Q. Is there a good combination of F/S, and surface reducing agents. I have 10" of freeboard, use Fumetrol 208 and have an exhaust system. After a night load I get the "Red Mist" on all my bars. Tried the balls, sank. thanks

Jamie Corbeil
hard chroming - North Bay, Ontario, Canada


(2004)

A. Jamie,

If memory serves me correct Fumetrol 208 is a cost engineered product that contains less of the surface tension reducer and more surfactant. Switch to a product which is mostly surface tension reducer. These are relatively quite expensive ($85-160 U.S. depending upon vendor/manufacturer) but are based on fluorocarbon technology.

Gene Packman
process supplier - Great Neck, New York


(2006)

Q. Hello

I work as an environmental engineer for a customer, operating a traditional hard chrome plating line. At this moment, he uses a mist suppressant based on PFOS (a fluorinated compound). Products based on PFOS will be either banned or heavily regulated in Europe.

We are comparing two options:
- stop using mist suppressants and build a expensive exhaust system for evacuation of the chromic acid mist
- continue to use PFOS, but remove the PFOS from rinsing water before (or right after) the sulphite treatment (conversion of Cr(VI) to harmless Cr(III)).

Does anyone have experience with removal techniques for PFOS. For example: does active carbon adsorption work ? (We found out that 3M uses active carbon to remove PFOS from polluted ground water, but does it work on highly acid rinsing waters ?) Suggestions and ideas are most welcome.

Bert GIELEN
- Gent, BELGIUM


(2006)

A. If it is possible, what I would do is plan for a large amount of freeboard plus the exhaust system. Chromium mist droplets are heavy, and with extravagant freeboard much of the chrome will fall back into the tank.

We're going through the same issue in the USA. With only a little exaggeration, EPA no sooner claimed that chrome MACT standards were achievable and affordable through the use of fume suppressants than it began banning them.

pic of Ted Mooney Teds signature
Ted Mooney, P.E. RET
finishing.com
Pine Beach, New Jersey

(2006)

A. Hi Bert,

What Ted said about banning suppressants is news to me ... but his remarks about 'freeboard' are interesting ... I used to think that a 6" (sorry! 15 cm) freeboard was OK.

On the subject of, you say, an expensive exhaust system ...
why expensive?

Welded mild steel ducting and hoods. Anyhow, go into the fin.com library for more data on that.

POLLUTION ... Back in the early 80's, the allowable specs for chrome in B.C. were ll grains/l000 cfm of chrome sulphuric acid. Using a well designed (and made) ordinary 2 stage PVC mist eliminator, horizontal design with sine curved blades, tests indicated that these were 30 times LOWER than the then acceptable limits.This is a l2 micron eliminator...but in your terminology that is 0.7 mg/M3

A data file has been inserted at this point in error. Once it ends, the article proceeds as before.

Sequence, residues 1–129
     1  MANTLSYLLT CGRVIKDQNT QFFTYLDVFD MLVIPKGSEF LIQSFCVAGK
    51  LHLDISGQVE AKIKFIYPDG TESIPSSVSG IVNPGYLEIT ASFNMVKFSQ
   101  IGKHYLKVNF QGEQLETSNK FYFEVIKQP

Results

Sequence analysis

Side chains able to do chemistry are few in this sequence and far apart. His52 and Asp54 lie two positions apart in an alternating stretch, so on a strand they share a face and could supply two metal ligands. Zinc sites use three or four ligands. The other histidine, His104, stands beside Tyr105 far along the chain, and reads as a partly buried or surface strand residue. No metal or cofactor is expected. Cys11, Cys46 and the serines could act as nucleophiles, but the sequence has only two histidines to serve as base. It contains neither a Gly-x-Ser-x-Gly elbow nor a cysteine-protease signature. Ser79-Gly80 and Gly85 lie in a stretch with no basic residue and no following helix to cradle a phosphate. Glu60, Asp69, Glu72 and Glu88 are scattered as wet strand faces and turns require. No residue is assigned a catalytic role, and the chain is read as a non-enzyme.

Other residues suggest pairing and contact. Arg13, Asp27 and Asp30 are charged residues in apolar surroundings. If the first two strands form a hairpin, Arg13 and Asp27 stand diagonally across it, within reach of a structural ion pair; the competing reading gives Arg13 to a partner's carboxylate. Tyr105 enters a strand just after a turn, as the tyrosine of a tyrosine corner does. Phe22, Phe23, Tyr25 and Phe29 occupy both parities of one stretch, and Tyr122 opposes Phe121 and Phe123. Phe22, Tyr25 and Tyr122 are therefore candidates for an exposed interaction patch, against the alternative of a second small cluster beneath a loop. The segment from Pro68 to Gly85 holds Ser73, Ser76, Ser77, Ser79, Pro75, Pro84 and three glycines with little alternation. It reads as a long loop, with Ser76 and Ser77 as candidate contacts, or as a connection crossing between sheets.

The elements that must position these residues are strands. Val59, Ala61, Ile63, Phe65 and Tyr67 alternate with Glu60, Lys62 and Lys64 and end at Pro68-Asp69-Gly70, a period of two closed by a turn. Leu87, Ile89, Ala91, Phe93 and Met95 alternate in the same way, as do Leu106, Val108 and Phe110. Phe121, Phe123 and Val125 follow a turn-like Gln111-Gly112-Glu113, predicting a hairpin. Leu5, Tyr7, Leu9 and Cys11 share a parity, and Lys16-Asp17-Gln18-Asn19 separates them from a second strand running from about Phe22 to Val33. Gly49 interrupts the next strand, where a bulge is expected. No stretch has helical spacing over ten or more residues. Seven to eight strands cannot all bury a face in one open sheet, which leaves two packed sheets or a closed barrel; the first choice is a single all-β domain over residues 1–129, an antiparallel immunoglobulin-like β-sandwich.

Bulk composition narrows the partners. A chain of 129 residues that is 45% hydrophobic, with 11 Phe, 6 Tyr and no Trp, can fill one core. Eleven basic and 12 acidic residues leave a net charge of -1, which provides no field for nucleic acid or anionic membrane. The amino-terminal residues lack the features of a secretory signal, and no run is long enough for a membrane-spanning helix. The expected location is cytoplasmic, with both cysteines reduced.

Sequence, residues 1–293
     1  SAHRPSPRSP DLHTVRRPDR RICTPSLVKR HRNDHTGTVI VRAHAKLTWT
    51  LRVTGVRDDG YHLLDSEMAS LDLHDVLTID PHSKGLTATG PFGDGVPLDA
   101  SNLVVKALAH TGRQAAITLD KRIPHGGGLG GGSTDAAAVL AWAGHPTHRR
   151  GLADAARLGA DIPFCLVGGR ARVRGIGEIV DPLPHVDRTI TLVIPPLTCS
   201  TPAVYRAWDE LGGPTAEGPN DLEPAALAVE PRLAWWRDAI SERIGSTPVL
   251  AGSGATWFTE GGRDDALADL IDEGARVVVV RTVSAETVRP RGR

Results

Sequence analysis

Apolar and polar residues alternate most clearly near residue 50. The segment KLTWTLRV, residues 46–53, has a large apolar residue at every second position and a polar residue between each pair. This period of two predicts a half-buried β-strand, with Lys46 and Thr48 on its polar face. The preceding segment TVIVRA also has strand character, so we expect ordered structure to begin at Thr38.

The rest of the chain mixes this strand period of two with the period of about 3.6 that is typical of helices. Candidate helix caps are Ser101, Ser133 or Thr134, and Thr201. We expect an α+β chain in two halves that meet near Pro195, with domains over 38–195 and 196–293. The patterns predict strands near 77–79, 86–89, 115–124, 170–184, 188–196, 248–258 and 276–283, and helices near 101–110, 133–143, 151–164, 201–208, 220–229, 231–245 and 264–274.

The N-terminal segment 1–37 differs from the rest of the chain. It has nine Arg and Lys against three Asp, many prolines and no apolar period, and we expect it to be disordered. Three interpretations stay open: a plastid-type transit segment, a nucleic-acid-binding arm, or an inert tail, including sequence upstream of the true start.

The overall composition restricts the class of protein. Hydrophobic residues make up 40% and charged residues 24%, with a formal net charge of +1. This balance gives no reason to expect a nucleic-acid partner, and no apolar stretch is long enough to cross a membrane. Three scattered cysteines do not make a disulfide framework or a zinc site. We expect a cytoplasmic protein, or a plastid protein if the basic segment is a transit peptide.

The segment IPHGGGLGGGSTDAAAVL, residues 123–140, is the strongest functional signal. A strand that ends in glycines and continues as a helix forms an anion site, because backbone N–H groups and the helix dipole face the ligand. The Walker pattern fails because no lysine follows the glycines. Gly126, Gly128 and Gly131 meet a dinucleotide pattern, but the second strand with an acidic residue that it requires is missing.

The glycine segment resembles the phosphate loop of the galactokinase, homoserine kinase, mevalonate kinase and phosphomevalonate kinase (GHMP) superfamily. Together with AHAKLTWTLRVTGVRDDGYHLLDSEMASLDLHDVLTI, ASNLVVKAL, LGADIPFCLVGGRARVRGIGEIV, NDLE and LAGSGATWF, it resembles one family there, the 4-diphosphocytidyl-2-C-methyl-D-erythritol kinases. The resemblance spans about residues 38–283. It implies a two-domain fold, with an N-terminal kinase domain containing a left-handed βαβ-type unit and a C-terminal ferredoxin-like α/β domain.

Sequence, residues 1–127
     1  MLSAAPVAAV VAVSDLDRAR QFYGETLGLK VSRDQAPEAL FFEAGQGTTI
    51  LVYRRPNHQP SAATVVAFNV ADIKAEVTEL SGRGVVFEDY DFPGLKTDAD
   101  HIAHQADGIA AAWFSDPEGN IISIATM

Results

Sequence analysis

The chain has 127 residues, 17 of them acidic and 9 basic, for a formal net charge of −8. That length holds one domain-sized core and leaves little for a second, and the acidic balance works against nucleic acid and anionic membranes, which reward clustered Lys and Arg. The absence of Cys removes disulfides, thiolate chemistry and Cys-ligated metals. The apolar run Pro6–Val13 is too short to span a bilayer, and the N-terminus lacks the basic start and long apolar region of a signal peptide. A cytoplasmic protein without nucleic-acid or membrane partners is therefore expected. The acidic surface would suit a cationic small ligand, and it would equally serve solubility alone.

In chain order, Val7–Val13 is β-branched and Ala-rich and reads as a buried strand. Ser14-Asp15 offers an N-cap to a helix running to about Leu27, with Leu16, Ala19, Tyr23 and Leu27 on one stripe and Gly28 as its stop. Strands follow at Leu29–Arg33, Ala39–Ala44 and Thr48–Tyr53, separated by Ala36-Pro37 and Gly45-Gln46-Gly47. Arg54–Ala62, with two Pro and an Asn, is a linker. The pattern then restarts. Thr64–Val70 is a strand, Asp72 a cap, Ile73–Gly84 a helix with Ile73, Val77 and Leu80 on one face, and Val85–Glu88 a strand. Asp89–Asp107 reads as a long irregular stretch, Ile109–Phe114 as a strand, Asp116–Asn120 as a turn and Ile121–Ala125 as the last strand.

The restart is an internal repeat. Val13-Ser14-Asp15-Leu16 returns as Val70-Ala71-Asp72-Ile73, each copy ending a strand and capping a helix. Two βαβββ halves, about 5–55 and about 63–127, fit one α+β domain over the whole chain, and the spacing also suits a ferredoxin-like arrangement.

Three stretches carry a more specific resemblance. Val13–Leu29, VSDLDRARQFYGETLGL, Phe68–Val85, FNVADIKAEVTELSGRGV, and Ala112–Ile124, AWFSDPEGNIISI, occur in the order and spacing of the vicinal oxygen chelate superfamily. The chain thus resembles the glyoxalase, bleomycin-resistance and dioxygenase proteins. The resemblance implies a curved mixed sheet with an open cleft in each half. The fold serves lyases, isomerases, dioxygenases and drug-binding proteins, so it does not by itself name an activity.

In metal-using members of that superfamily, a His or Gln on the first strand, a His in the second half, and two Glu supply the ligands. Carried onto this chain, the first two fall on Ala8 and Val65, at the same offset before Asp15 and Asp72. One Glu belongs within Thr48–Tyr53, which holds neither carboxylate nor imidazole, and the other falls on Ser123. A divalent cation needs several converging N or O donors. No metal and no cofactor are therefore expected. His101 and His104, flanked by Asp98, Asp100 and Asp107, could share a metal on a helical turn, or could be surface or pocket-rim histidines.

My 1974 design followed that route but was a good 3 micron inertial scrubber.

Freeman Newton
- White Rock, British Columbia, Canada

(2006)

Q. Ted, Freeman,

Thanks for the input.

Increasing the freeboard is a nice idea; in this particular case, the freeboard can be increased by ~25 cm (some 10") just by lowering the level of the tank.

Also thanks for confirming that a well designed mist eliminator will do the job. (This still leaves us with the cost of a new exhaust system).

Does anyone has experience with e.g. ACTIVE CARBON ADSORPTION of the chlorinated mist suppressors ?

Best regards

Bert

Bert GIELEN
- Gent, Belgium


(2006)

A. Activated carbon might work. But, frequently, charged ions like the salts of anionic surfactants have a higher affinity for anionic ion exchange resins. These compounds are going to be even more acidic than non-fluorinated surfactants of this type and will only be present as the free acid at very low pH values.

dave wichern Dave Wichern
- The Bronx, New York


(2007)

Q. What is the status of chrome plating fume suppressants / mist suppressants that do not contain PFOS (perfluorooctane sulfonate) or fluorinated surfactants?
Are they available?
what is their performance like?
What surfactants are they based on?
what are their strengths and weaknesses.
Is anyone using one and willing to share their experience with it.

A MN plater was identified as the primary source of PFOS going through a medium sized POTW, causing the POTW effluent to exceed a "health based value" set by the state health department.

As a result there is some interest on the part of local platers to begin looking at alternatives if they exist.

Karl DeWahl
resource to the MN metal finishing industry - Minneapolis, MN, USA


(2007)

A. Based on the usage of the fluorinated products, I can't figure out how so much got to the POTW that the POTW was high!

Gene Packman
process supplier - Great Neck, New York


(2007)

Q. We are talking very small amounts here.
The health department standard is 75 ppt for PFOS.
The POTW effluent was 12 times higher than that
There was no attenuation in the POTW, and
The plating shop effluent was 58 time higher than the POTW effluent.

All this is based on a relatively few samples.

Karl DeWahl
MnTAP / University of Minnesota - Minneapolis, Minnesota USA


(2007)

A. Since this product is getting into the effluent via drag out from the plating solution, the most effective way to limit this is to reduce the drag out in the plating facility by implementing waste reduction methodology.

Gene Packman
process supplier - Great Neck, New York


November 6, 2010